However, the battle in Virginia over a bill to codify the rights secured by Roe into state law before the incoming Republican Gov. Glenn Youngkin took office showcased the divide between what mainstream liberals are willing to push for and what abortion advocates now think is necessary. In Virginia, mainstream organizations such as NARAL came out in favor of the last-minute law, but Democratic politicians pointed out that for years NARAL had lobbied against introducing similar bills and instead asked legislators to focus on defending the right to abortion from Republican attacks. “[NARAL said] ‘No, hit the brakes. Don’t do it.’ It’s awfully rich to hear that [criticism] coming from them now,” Virginia State Sen. Scott A. Surovell told The Washington Post.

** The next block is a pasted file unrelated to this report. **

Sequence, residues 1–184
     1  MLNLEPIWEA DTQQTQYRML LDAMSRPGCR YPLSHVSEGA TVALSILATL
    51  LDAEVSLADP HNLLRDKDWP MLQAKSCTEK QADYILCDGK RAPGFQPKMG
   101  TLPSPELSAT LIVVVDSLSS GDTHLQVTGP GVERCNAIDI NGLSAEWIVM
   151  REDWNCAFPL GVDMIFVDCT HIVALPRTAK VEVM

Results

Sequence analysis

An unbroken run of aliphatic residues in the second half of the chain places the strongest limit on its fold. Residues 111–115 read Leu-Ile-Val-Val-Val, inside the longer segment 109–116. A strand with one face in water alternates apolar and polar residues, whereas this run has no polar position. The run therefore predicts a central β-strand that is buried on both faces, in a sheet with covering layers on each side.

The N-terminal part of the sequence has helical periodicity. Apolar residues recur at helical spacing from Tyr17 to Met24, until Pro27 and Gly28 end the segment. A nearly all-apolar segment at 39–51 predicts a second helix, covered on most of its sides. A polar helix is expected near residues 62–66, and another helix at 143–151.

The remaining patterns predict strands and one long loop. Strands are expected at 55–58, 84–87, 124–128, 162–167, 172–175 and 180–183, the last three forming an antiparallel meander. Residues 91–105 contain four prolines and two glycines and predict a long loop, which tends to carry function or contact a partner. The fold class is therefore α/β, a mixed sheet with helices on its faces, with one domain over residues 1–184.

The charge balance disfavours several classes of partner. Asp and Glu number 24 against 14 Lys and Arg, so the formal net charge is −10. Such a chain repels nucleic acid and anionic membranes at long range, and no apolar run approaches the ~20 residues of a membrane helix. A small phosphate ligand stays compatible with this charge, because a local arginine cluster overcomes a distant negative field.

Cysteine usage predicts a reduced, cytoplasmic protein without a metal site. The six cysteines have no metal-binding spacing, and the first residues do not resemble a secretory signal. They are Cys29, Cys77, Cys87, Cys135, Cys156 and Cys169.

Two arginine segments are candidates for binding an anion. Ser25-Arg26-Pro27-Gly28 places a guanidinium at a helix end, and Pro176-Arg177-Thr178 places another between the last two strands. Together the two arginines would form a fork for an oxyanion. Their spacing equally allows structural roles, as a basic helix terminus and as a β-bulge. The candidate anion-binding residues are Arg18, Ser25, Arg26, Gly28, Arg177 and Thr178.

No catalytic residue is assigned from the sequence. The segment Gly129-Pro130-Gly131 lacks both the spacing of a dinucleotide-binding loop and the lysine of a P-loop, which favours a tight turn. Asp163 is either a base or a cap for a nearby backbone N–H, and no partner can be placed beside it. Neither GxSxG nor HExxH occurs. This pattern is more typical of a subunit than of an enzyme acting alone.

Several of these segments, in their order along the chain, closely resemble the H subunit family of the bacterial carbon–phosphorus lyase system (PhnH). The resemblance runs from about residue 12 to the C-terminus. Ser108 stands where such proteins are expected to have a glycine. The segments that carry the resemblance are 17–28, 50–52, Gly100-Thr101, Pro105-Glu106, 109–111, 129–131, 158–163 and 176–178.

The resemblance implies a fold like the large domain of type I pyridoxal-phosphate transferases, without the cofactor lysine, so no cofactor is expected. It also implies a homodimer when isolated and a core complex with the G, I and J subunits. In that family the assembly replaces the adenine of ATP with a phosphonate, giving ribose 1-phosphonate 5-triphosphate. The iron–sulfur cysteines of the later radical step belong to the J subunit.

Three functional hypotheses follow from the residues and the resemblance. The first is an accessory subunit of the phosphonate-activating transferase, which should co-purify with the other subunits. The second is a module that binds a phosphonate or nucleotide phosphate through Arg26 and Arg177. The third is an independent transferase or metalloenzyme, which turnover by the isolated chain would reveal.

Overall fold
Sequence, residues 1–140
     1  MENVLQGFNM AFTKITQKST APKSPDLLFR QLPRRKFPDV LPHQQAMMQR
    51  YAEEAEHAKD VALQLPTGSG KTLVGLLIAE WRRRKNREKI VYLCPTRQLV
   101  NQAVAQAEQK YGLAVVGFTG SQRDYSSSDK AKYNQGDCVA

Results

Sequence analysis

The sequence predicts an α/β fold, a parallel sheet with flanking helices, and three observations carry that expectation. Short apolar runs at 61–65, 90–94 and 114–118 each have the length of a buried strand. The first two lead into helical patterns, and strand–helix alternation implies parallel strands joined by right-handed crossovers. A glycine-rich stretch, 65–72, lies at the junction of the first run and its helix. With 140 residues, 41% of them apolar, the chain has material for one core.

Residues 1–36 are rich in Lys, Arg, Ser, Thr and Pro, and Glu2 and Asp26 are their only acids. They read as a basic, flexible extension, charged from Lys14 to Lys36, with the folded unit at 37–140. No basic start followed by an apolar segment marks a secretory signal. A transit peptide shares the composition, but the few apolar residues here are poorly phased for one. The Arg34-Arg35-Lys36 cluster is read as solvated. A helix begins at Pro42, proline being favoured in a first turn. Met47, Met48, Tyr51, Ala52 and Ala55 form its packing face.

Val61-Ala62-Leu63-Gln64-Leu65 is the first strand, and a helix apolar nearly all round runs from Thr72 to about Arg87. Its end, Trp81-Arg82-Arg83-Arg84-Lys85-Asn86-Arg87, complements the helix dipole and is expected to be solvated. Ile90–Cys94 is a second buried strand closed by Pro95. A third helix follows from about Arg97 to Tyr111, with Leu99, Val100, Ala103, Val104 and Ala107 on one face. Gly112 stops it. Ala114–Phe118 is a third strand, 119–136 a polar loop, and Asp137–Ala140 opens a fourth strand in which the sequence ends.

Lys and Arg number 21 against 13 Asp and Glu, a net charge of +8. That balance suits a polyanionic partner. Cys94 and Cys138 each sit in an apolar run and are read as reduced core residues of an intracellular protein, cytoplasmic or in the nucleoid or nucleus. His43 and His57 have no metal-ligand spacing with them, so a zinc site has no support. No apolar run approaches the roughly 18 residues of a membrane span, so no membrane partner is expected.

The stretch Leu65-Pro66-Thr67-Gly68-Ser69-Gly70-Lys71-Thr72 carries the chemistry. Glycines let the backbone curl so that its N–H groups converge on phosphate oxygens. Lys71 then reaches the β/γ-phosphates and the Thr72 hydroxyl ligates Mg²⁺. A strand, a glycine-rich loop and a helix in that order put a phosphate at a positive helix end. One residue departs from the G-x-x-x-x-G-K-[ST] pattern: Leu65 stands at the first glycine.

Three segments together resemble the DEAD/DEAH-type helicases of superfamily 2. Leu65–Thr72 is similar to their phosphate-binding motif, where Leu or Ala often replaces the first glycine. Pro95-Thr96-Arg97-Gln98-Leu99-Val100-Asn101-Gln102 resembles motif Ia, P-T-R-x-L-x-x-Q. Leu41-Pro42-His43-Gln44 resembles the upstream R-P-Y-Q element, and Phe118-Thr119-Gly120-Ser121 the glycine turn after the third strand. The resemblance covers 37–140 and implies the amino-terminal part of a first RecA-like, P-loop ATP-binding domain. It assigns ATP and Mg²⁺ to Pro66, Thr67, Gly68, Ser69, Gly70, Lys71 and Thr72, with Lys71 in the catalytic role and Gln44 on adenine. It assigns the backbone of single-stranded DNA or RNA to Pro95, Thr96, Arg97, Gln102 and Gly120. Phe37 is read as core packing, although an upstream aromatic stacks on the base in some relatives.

The hesitancy in Virginia by NARAL and Democrats to actively work in support of abortion rights and to instead operate defensively highlights one of the major problems that activists have pointed out: they are engaging under the terms set by the anti-abortion activists and politicians attacking Roe. This is clear from much of the media coverage regarding abortion, which rarely talks about the content or impact of the laws and judicial decisions involved and instead treats the topic as only a political debate. This framing has greatly benefitted the anti-abortion movement.
In 2019, Media Matters looked at how the abortion debate was being framed in mainstream media and found that Fox News was providing most of the commentary around abortion laws and restrictions—and that their initial framing was then echoed on other outlets like MSNBC and CNN. This framing led to 83% of the information about abortion presented on mainstream outlets to be factually inaccurate. The study also found that Fox News in particular had an outsized role in driving the conversation on abortion, with their coverage of key abortion debates dwarfing the coverage on other networks (in some cases 94% of the debates over certain abortion restrictions on cable news were being conducted on Fox).